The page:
Kids in the lab.

Over the last few weeks the Semafores team has started the process of testing Curi™, our mobile social application for family caregiving, while development progresses. For the time being we’re demonstrating our user interface (UI) using a prototype we created using InVision, a web based application for creating and sharing clickable prototypes for web pages and mobile apps. We decided early in the process of creating our prototype that we would need to give our testers a guided tour to get the most out of the test. Curi™ is a complex application with many moving parts and making it seamless enough for our testers to wander at will would have taken months—time better spent in sharing the design and creating the working version. By giving our testers a tour we can direct them to the parts of our design that we want to learn about, and avoid the extra effort of creating similar screens and mocking up parts of the application, like help screens, that we felt we could safely leave for later.

We’ve started the testing process by giving the tour to close friends and family, partly because they are curious about how things are going, and also because they’ll forgive us for the missteps we make while we are still learning the tour route. It’s too soon to talk about what we’ve learned about our UI—we’re still figuring the lessons out ourselves—but we have already learned some things about our testing process by doing.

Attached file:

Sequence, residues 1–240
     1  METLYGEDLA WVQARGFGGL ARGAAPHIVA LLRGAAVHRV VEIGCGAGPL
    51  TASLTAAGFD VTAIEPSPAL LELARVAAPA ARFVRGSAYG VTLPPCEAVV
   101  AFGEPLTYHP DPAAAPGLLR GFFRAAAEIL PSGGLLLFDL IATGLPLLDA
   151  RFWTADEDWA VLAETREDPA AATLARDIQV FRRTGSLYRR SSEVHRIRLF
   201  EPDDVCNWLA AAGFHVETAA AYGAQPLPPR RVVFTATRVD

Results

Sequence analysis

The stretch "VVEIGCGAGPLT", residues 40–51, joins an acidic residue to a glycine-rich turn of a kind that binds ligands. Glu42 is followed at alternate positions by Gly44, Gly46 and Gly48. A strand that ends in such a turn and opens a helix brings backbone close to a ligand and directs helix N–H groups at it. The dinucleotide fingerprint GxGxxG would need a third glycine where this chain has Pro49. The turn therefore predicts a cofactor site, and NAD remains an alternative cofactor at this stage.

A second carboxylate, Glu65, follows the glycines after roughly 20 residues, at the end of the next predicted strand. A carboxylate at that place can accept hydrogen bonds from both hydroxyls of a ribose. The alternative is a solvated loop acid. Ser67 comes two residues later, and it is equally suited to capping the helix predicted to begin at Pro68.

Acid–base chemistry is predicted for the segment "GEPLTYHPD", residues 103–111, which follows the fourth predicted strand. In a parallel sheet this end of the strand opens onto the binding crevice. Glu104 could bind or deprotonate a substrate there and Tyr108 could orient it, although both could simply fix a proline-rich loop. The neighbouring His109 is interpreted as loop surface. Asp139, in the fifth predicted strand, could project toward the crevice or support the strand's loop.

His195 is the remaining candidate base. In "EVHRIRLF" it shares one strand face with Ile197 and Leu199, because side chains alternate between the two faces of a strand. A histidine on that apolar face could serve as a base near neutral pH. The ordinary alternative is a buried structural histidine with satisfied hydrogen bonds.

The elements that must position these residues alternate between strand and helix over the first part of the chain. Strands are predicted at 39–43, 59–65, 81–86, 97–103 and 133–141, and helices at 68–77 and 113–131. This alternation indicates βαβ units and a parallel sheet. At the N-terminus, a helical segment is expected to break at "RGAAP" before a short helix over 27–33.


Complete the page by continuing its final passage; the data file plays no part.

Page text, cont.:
First, it takes time.

The first time I gave the demo I was surprised by how long it took, about two hours. I was doing the demo by liveshare over the internet, and perhaps a half hour was spent getting that set up, but that still left an hour and a half spent on the presentation itself. I knew Curi™ was a complex application with lots of things to point out and to ask questions about, but I hadn’t expected it to take quite that long. The good news is that I didn’t realize how much time it took until it was done. My colleague Gil also found that it took a while, though he did his demo face to face. It’s important that both you and your testers understand how long the process might take otherwise they might understandably be annoyed when it goes longer than they expected, or you might miss pointing out the really important bit when they have to run out to make another appointment before you are done.

Second, it takes some explaining.

There are many concepts in Curi™ that have to be understood to understand our UI. (Who is a Carer? Who is a Minder?) It takes some explaining to get them across to our testers because most of them aren’t obvious in the design. We’ll be explaining them during the onboarding process and in the help text when the application is complete. We already know it will be important to get these things right, but the time we have to take in explaining concepts during the tour drives it home.

Third, story matters.

When we give the tour of Curi™ we tell stories about what Curi™ does as well as showing how it works. It’s impossible to understand the how very well if you don’t have a who, what, and why to go with them. Our tour has some user stories built into it that we have to tell our audience during the tour. Do our user stories create an emotional response? Do our testers come up with their own stories about how they might use Curi™?

Last (for now), ask, and ask for, questions.

If you want feedback about something in particular you have to ask about it. Otherwise the people on your tour might just smile and nod their heads while they look at the pretty scenery you are pointing out to them. Don’t forget to ask if they have any questions for you. The questions that get asked may tell you more about how well they understand what you are telling them than the answers that they give to your questions.

We’d like to hear your story. What is your greatest caregiving challenge and how do you meet it now? What tools do you wish you had to help you be a better family caregiver?